This is a method, based on a well-disguised mathematical principle, for having a spectator unknowingly place cards at specific locations in the deck while he freely cuts the cards into several packets and then assembles the deck. The principle was first conceived and described in a manuscript by John P. Hamilton, “The Eyes of the Gods”, marketed in 1948 by Max Holden. This manuscript was reprinted in the August 1970 issue of The Pallbearers Review, Vol. 5 No. 10, pp. 351 and 356.
Some years later, Gene Finnell independently reinvented the principle and applied it to a spelling location, “Spelling the Aces”, which he sold in 1967 as a one-trick manuscript. He quickly followed this up by publishing several more applications in a booklet titled Gene Finnell's Free Cut Principle (also 1967).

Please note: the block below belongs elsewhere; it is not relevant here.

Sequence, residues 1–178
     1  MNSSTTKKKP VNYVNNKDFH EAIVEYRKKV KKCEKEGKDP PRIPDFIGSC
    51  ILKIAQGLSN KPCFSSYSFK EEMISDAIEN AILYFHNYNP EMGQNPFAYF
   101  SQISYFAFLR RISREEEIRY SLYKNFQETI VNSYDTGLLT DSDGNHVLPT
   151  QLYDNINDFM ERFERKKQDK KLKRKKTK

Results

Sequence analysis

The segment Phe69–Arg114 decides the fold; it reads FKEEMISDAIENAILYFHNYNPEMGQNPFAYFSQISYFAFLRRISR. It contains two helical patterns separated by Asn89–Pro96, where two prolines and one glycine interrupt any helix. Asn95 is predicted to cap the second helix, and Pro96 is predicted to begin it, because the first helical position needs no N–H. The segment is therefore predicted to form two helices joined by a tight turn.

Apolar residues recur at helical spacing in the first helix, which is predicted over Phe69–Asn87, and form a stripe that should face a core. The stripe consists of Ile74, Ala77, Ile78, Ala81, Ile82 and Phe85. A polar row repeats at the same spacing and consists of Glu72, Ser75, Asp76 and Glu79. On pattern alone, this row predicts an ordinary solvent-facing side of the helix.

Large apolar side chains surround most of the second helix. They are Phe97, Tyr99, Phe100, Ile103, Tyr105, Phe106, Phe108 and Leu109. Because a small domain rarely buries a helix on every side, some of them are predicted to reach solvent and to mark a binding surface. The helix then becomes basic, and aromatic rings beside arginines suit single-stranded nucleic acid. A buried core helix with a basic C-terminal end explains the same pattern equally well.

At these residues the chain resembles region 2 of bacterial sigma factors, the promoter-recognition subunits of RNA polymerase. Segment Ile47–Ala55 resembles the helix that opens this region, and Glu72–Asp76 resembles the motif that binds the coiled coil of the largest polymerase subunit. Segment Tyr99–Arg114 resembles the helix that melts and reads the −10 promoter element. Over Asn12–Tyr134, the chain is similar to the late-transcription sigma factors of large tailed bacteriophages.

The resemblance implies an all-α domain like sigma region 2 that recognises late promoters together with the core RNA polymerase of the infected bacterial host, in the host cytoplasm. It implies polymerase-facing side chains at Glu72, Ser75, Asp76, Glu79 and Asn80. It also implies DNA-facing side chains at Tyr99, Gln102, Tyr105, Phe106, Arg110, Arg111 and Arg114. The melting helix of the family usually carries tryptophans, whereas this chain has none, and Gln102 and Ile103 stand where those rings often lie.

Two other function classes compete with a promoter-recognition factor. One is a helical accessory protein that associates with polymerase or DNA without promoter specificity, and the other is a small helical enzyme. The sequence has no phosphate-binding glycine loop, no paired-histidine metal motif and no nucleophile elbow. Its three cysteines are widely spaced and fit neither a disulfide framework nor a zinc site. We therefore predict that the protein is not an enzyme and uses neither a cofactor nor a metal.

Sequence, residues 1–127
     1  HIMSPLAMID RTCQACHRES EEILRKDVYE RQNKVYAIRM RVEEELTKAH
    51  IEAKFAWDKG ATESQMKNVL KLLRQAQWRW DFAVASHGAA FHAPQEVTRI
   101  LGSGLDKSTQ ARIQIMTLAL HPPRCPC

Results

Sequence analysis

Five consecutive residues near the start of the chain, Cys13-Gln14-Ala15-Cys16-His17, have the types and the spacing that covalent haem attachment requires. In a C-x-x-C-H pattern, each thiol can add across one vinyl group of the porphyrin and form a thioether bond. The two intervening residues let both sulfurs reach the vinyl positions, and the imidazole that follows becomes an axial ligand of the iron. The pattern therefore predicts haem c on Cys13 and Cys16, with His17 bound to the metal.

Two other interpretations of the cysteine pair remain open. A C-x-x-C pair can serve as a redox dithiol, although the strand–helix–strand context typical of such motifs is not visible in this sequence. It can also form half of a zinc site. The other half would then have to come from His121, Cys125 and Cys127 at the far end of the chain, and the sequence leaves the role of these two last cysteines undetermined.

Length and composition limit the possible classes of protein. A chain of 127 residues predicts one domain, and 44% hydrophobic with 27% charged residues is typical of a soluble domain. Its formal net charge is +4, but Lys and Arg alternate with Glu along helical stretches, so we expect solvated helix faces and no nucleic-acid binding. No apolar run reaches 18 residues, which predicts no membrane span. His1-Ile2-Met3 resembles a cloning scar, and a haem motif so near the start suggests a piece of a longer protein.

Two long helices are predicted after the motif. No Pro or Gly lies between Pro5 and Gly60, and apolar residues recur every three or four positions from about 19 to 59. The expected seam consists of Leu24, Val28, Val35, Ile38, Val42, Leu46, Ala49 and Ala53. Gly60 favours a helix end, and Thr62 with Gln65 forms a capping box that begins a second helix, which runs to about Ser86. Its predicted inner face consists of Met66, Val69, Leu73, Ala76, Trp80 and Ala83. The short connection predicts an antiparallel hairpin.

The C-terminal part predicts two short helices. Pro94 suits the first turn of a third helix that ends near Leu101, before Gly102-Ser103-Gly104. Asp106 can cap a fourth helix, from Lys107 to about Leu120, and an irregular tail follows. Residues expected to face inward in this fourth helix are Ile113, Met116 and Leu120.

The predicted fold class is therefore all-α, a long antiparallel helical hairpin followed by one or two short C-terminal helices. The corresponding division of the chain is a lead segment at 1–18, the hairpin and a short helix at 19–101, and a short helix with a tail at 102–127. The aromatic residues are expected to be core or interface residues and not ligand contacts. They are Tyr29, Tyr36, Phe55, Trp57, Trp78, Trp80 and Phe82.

A related principle can be used for the placement of a single card. In essence, instead of placing one packet, the bottom card of which would be the selection, on top of a tabled pile, the spectator gives the cut-off packet a free cut first, and its new bottom card becomes the selection. This portion is placed onto the tabled pile and sometimes is followed by a remaining portion. The honest cut clouds the fact that the position of the selection from the bottom of the tabled pile is a constant. This strategy was employed by Richard Himber in his “Sensational Telephone Trick: 'No Questions Asked'”, a telephone card-divination, which Himber marketed in 1950 as an instruction sheet, and later contributed to Max Andrews's Magic Magazine, Vol. 1, June 1952, p. 67. It was later popularized by Ed Marlo, who used it in his “Nouveau 21-Card-Trick” in Marlo Without Tears, 1983, p. 146.